vii. Moisture – The amount of surface moisture present in the feed has a marked effect on screening efficiency, as does the presence of clays and other sticky materials. Damp feeds screen very poorly as they tend to agglomerate and “blind” the screen apertures. As a rule of thumb, screening at less than around 5 mm aperture size must be performed on perfectly dry or wet material, unless special measures are taken to prevent blinding. These measures may include using heated decks to break the surface tension of water between the screen wire and particles, ball-decks (a wire cage containing balls directly below the screening surface) to impart additional vibration to the underside of the screen cloth, or the use of non-blinding screen cloth weaves.
What are the different types of Screens?
There are different types of industrial screens available. The dominant screen type in industrial applications is the vibrating screen, of which there are many sub-types in use for coarse and fine-screening applications. There are also numerous other screen types in wide use for both coarse and fine screening applications. The names of some of the screens are: – Vibrating screen, Inclined screen, Grizzly screen, Horizontal screen, Resonance screen, Dewatering screen, Banana screen, Modular screen, Mogensen sizers, High frequency screen, Trommel etc.
What is Vibrating screens and how it works?
Vibrating screens are the most important and versatile screening machines for mineral processing applications. Vibrating screens have a rectangular screening surface with feed and oversize discharge at opposite ends. They perform size separations from 300mm in size down to 45 µm and they are used in a variety of sizing, grading, scalping, dewatering, wet screening, and washing applications. Vibrating screens of most types can be manufactured with more than one screening deck. On multiple-deck systems, the feed is introduced to the top coarse screen; the undersize falling through to the lower screen decks, thus producing a range of sized fractions from a single screen.
What is Inclined screens and how it works?
Inclined or circular motion screens are widely used as sizing screens. A vertical, circular or elliptical vibration is induced mechanically by the rotation of unbalanced weights or flywheels attached usually to a single drive shaft. The amplitude of throw can be adjusted by adding or removing weight elements bolted to the flywheels. The rotation direction can be contra-flow or in-flow. Contra-flow slows the material more and permits more efficient separation, whereas in-flow permits a greater throughput.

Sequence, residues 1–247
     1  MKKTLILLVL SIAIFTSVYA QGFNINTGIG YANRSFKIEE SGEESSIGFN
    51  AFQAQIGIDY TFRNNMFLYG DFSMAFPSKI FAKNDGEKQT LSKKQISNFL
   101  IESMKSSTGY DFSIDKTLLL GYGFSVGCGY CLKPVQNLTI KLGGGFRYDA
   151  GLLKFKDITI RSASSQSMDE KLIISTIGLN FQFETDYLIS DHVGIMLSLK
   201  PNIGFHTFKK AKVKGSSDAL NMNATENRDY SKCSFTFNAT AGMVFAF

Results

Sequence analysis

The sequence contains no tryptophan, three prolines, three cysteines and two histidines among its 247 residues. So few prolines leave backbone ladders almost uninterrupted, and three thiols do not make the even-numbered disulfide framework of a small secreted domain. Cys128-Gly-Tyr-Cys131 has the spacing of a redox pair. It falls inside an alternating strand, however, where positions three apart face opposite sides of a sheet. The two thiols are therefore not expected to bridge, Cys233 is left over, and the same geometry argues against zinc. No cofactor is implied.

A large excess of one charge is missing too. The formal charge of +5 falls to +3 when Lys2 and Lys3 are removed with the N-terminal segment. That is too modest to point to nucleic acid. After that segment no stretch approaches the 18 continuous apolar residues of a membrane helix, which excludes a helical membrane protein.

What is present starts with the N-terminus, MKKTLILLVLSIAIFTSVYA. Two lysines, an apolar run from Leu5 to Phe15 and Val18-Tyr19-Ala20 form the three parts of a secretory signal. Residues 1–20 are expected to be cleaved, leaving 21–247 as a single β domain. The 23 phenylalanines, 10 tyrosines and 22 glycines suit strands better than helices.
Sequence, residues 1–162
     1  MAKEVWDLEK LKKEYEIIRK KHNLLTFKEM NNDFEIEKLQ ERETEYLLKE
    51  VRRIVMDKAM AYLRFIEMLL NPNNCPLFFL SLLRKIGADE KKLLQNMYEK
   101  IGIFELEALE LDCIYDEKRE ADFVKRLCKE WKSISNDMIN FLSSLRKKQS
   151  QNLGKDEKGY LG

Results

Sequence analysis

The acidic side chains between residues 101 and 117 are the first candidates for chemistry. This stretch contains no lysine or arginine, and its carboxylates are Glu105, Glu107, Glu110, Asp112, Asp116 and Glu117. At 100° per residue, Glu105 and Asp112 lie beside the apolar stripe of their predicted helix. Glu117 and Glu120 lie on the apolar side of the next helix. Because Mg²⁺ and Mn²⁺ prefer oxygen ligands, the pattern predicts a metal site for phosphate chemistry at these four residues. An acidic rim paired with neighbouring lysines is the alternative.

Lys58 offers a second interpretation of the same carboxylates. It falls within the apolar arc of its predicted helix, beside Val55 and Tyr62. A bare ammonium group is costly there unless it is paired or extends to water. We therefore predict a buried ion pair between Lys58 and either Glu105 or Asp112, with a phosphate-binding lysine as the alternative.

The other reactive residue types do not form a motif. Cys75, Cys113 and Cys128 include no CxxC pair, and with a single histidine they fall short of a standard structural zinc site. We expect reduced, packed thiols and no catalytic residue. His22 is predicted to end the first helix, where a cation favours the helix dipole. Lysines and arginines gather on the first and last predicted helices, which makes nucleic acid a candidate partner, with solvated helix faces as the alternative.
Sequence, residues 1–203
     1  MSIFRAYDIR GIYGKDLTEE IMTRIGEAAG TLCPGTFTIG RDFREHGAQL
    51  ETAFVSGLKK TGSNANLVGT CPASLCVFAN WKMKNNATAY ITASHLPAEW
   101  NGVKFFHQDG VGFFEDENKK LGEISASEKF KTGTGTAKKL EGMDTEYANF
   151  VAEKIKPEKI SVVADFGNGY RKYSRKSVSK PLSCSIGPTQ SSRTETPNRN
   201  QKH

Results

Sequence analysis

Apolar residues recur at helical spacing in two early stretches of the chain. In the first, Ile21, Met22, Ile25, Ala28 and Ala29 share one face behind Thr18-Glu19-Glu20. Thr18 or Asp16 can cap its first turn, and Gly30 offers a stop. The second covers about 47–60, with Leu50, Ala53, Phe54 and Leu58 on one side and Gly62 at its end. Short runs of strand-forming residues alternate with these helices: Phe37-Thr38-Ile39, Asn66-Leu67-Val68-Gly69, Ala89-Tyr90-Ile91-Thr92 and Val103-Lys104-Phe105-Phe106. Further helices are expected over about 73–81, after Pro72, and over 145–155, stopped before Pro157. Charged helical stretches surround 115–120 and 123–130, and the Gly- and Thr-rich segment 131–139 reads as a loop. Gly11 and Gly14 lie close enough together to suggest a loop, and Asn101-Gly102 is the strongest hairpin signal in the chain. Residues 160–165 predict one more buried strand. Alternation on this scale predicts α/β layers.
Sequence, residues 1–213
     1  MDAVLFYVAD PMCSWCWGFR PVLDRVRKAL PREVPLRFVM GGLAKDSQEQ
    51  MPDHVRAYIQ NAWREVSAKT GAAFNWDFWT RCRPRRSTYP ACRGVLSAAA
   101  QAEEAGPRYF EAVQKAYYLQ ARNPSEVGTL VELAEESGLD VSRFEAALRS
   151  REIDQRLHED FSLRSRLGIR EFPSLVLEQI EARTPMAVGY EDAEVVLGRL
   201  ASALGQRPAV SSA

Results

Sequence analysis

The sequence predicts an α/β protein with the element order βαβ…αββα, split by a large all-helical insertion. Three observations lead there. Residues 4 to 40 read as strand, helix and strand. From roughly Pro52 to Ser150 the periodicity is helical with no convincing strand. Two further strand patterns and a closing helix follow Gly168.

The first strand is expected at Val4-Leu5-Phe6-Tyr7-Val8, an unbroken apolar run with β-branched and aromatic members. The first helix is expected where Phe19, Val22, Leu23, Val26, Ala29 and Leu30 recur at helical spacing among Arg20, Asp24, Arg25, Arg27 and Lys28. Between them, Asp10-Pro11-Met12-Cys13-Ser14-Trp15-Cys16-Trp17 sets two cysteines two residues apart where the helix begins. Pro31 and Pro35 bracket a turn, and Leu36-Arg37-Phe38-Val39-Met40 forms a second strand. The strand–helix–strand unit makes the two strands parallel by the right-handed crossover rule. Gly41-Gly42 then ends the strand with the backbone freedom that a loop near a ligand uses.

What is Grizzly screens and how it works?
Very coarse material is usually screened on an inclined screen called a grizzly screen. Grizzlies are characterised by parallel steel bars or rails set at a fixed distance apart and installed in line with the flow of ore. The gap between grizzly bars is usually greater than 50 mm and can be as large as 300 mm, with feed top size as large as 1 m. Vibrating grizzlies are usually inclined at an angle of around 20 degrees and have a circular throw mechanism. The bars are typically made from wear-resistant manganese steel, and are usually tapered to create gaps that become wider towards the discharge end of the screen to prevent rocks from wedging between the bars. Domed or peaked profiles on the tops of the bars give added wear protection and prevent undersized rocks from “tiding” along the bars and being misplaced.
What is Horizontal screens and how it works?
Horizontal low-head or linear vibrating screens have a horizontal or near-horizontal screening surface, and therefore need less headroom than inclined screens.
Horizontal screens must be vibrated with a linear or an elliptical vibration produced by a double or triple-shaft vibrator. The accuracy of particle sizing on horizontal screens is superior to that on inclined screens; however because gravity does not assist the transport of material along the screen they have lower capacity than inclined screens. Horizontal screens are used in sizing applications where screening efficiency is critical, and in drain-and-rinse screens in heavy medium circuits.
What is Resonance screens and how it works?
Resonance screens are a type of horizontal screen consisting of a screen frame connected by rubber buffers to a dynamically balanced frame having a natural resonance frequency which is the same as that of the vibrating screen body. The vibration energy imparted to the screen frame is stored up in the balancing frame, and re-imparted to the screen frame on the return stroke. The energy losses are reduced to a minimum, and the sharp return motion produced by the resonant action imparts a lively action to the deck and promotes good screening.